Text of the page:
Gambling NewsCasino GamblingOnline GamblingBlackjackVideo PokerSlotsCrapsPokerRoulette
ReadyBetGo! HomeSlot HomeProgressive SlotsSlot StrategiesFinding Loose SlotsSlot NewsSlot BooksSlot ReviewsSlot History & Rules
Interesting gambling books
Casino Answer Book
by John Grochowski
Book Picture
Subtitled 'How to Overcome the House Advantage When You Play Blackjack, Video Poker and Roulette,' this book provides the basics of the three games in question/answer and multiple choice quiz formats. It includes the author's own 'Spin' roulette approach that has proven to be very popular; bets and percentages; basic blackjack, and card counting strategies. Grochowski is a gaming columnist who writes with an easy-to-read style geared to beginning and intermediate players. You could use this book in an entertaining educational way by asking the questions of a partner to check his or her knowledge of casino games.
A Huge Collection of Loose Slots!
Book Picture
Online casino slots are loose. Why? Because with the lower overhead, no slot employees to pay, and lower taxes, they can afford to pay more back to their customers. Roxy Palace offers a huge range of casino slots for you to play for fun or for real money prizes. From easy to play 3-reel games and fruit slot machines, all the way through to popular video slots, progressives slots and brand new releases from Microgaming, every game provides a high level of quality.
Play Now at Roxy Palace!

How Much Will An Hour On A Slot Machine Cost You?

If time is money at casino table games, it's doubly so on slot machines and video poker, where we play much faster.

How much faster? A blackjack player at a full table plays about 50 handsJohn GrochowskiJohn Grochowski is the author of six gaming books including the "Answer Book" series -- The Casino Answer Book, The Video Poker Answer Book, The Craps Answer Book and a revised edition of The Slot Machine Answer Book. His articles cover blackjack, slots and video poker strategy  as well as casino etiquette and getting the most bang for your buck in Vegas.  John's website is  an hour. On reel slots and video poker, I usually figure 500 hands as an easy steady pace at reel slots and video poker, and video slots with bonus rounds at about 300 spins an hour. Many play faster, and you certainly can slow the games down, but let's use those figures as averages.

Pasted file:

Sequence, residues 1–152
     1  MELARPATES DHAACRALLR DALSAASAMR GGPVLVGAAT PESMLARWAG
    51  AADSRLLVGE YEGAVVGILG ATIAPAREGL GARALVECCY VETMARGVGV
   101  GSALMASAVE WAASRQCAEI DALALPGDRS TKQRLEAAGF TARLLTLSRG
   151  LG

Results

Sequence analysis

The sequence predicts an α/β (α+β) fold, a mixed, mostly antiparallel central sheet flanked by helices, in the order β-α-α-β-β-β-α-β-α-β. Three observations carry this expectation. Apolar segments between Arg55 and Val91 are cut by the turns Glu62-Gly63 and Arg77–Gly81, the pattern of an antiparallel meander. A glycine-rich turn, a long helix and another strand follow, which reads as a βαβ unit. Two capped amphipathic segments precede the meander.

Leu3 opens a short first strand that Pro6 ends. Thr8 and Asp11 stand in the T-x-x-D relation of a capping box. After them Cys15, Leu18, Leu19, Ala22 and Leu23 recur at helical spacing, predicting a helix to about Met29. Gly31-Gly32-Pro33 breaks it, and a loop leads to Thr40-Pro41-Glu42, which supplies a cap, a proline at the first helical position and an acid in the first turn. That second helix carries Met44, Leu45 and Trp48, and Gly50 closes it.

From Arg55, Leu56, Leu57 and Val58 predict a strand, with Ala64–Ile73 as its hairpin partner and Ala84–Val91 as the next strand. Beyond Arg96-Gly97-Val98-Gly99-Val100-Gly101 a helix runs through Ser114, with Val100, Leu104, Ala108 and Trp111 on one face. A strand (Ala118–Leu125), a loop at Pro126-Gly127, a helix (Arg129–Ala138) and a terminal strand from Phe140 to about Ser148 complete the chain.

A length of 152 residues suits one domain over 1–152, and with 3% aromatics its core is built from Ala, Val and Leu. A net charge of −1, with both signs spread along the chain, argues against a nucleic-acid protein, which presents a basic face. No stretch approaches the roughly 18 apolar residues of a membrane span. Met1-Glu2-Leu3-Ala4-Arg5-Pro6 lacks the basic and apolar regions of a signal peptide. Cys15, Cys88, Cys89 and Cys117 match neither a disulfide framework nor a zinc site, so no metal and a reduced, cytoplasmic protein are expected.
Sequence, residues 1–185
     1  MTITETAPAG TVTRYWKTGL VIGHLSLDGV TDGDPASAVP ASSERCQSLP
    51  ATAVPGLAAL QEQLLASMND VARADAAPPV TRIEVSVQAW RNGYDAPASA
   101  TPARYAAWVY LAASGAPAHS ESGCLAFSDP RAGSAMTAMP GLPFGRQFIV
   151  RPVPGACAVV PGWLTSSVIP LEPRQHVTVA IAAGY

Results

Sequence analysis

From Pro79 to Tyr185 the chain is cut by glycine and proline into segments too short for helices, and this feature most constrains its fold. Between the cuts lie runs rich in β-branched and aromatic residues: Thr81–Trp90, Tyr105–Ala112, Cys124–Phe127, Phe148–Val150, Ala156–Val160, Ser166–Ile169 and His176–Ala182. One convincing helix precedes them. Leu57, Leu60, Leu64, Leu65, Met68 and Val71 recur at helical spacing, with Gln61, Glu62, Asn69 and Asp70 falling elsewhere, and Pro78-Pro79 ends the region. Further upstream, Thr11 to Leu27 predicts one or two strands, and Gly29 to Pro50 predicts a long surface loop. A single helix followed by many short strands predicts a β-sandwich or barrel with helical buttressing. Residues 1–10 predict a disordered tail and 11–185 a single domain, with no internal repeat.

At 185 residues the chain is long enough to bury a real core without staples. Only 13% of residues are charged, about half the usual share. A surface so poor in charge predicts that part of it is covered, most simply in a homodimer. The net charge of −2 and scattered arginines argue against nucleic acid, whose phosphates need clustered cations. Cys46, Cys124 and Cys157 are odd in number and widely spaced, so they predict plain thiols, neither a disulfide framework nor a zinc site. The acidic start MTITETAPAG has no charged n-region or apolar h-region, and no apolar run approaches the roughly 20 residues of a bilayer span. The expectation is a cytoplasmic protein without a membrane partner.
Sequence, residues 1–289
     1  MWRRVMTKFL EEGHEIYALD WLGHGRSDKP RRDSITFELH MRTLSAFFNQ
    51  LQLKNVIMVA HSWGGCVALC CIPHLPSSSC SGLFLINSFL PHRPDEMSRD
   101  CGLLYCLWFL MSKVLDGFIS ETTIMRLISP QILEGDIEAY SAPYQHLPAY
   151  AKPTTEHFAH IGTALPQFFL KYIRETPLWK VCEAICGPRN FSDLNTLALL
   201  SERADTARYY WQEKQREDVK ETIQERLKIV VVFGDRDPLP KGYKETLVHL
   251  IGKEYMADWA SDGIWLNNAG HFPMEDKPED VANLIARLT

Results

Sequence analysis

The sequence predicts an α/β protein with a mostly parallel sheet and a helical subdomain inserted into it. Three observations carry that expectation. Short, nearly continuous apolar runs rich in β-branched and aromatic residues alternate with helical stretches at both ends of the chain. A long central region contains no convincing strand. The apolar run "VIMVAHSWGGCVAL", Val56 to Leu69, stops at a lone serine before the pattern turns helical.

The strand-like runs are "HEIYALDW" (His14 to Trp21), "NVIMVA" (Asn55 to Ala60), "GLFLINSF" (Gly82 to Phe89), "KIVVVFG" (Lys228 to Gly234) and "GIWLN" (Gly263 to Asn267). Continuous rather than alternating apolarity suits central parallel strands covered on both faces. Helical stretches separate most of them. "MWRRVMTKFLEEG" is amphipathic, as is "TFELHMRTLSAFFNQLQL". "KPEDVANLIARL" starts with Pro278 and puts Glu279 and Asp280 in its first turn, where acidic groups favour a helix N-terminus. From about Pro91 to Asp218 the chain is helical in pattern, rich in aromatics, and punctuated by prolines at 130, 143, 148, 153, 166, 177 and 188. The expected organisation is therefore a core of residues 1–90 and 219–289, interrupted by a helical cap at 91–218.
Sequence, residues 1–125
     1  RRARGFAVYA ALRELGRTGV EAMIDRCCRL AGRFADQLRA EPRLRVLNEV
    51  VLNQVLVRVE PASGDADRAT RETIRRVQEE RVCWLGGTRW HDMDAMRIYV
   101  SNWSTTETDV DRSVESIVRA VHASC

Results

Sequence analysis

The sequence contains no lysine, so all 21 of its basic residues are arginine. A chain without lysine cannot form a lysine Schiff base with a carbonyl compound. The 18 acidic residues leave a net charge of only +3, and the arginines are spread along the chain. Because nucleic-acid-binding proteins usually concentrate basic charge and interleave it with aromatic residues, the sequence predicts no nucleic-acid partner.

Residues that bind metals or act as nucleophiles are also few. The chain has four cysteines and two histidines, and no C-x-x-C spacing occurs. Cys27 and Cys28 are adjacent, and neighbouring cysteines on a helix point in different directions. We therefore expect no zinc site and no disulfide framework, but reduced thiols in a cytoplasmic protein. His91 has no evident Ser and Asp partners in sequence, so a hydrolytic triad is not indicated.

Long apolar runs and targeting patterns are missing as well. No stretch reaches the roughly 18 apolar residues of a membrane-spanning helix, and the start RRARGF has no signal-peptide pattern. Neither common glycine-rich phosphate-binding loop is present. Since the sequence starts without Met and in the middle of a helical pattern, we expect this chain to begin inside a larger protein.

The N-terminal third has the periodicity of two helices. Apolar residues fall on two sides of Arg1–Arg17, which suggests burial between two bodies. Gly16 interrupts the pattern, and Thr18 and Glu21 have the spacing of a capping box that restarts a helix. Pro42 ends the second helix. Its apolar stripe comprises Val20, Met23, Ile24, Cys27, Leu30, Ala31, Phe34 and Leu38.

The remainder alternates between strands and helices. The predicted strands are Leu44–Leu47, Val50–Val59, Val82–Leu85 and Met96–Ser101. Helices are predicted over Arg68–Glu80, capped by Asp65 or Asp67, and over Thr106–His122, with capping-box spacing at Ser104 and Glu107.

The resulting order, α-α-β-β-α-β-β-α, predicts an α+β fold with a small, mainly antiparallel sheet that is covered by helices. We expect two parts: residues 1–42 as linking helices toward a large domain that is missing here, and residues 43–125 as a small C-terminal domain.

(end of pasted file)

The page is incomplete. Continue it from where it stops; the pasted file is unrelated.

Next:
Just as we did with table games, let's take an hour of play at average speed and factor in the house edge to rank the games by average loss per hour. It'd take a whole book to list all the video poker variations, so I'll just use a couple of pay tables on basic Jacks or Better as examples.

Quarter 9/6 Jacks or Better video poker, one coin: $2. With expert play, 9-6 Jacks returns 99.5 percent to the player, assuming a maximum coins, five-coin bet. With fewer than five coins wagered, that return drops to 98.4 percent. At 500 hands an hour, the $125 is wagered, with the average loss being 1.6 percent of that.

Quarter 9-6 Jacks or Better video poker, five coins: $3.125. OK, that's a little too precise, but we can be precise in video poker. At 500 hands an hour we risk $625. Note that even though we risk five times as much money as when we bet only one coin, the cost is only a little more than 1.5 times as high. That's because the overall house edge with expert play drops to 0.5 percent.

Quarter 8-5 Jacks or Better video poker, one coin: $4.88. In the "8-5" version, full houses pay only 8-for-1, flushes pay 5-for-1, and we lose about 2 percent of our payback compared with the 9-6 game. Risk is $125, and we lose about 3.9 percent of that.